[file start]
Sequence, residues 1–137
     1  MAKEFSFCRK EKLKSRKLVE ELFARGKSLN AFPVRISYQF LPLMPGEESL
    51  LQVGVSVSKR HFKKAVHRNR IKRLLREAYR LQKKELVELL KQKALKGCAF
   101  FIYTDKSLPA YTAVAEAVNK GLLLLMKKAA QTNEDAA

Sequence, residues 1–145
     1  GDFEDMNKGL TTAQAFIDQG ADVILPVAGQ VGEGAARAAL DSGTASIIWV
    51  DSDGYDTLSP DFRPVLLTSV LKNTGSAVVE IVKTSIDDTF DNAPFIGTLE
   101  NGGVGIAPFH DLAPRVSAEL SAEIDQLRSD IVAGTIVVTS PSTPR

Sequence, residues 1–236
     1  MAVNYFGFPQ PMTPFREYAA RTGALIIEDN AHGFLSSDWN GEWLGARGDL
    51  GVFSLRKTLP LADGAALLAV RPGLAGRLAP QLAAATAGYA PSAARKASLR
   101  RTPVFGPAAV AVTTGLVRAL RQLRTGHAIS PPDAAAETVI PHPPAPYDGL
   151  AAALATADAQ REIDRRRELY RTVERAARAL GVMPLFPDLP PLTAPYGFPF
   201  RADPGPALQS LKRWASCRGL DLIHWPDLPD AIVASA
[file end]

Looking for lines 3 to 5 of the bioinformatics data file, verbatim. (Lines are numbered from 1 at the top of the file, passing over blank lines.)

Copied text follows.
    51  LQVGVSVSKR HFKKAVHRNR IKRLLREAYR LQKKELVELL KQKALKGCAF
   101  FIYTDKSLPA YTAVAEAVNK GLLLLMKKAA QTNEDAA

Sequence, residues 1–145